Nice tale - shame about the telling

La Veuve de Saint-Pierre (15) <i>Patrice Leconte, 112 mins</i>
Click to follow
The Independent Culture

It feels like only a few weeks since I reviewed Patrice Leconte's last film, La Fille sur le pont. In fact, I've just this minute checked and it literally was only a few weeks. Ten, to be precise. Here, then, is a French director whose two latest films have been released in insular, subtitle-resistant Britain within the space of a couple of months. Such a thing can't have happened - if it has ever happened at all, which I seriously doubt - since the halcyon heyday of the nouvelle vague, when new works by Godard, Truffaut, Chabrol and the like benefited from the ultimately short-lived xenophilia of British distributors.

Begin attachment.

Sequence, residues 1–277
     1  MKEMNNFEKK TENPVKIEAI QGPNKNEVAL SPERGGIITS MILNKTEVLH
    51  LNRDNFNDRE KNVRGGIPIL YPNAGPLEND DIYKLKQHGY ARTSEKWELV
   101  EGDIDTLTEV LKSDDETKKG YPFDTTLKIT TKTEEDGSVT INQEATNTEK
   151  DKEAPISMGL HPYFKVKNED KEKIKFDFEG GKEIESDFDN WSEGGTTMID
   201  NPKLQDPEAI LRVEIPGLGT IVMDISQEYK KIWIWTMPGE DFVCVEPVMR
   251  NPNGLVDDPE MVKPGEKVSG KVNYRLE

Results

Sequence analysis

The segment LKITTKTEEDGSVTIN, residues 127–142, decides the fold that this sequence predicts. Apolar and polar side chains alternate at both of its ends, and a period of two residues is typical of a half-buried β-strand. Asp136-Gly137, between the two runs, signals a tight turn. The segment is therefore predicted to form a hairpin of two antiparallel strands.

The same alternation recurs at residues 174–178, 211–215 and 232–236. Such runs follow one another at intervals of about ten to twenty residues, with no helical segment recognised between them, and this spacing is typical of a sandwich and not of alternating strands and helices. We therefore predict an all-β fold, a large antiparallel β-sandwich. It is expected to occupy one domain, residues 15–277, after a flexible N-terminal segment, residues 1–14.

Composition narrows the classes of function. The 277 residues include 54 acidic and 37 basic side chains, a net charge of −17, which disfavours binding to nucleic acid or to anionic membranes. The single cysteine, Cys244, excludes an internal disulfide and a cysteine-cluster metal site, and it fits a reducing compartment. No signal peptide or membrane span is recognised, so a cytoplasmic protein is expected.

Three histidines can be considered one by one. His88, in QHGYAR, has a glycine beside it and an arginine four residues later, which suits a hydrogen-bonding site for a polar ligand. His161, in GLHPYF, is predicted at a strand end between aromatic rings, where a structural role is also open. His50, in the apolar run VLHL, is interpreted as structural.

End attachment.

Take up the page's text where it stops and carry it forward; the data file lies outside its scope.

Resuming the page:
It feels like only a few weeks since I reviewed Patrice Leconte's last film, La Fille sur le pont. In fact, I've just this minute checked and it literally was only a few weeks. Ten, to be precise. Here, then, is a French director whose two latest films have been released in insular, subtitle-resistant Britain within the space of a couple of months. Such a thing can't have happened - if it has ever happened at all, which I seriously doubt - since the halcyon heyday of the nouvelle vague, when new works by Godard, Truffaut, Chabrol and the like benefited from the ultimately short-lived xenophilia of British distributors.

I have to confess, I don't get it. I find it impossible to imagine someone saying, "Let's go see the new Leconte", the way we used to say, "Let's go see the new Fellini". Of Fellini it could (ungenerously) be argued that, when you had seen one of his films, you had seen them all. With Leconte, when you've seen one, you've seen one. Why so anonymous an artist should be whisked through the fast lane is a mystery to me.